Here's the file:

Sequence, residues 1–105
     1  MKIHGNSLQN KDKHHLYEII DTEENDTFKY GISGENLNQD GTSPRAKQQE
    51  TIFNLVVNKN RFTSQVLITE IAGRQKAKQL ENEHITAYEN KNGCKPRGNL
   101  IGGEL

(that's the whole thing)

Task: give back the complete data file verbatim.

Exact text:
Sequence, residues 1–105
     1  MKIHGNSLQN KDKHHLYEII DTEENDTFKY GISGENLNQD GTSPRAKQQE
    51  TIFNLVVNKN RFTSQVLITE IAGRQKAKQL ENEHITAYEN KNGCKPRGNL
   101  IGGEL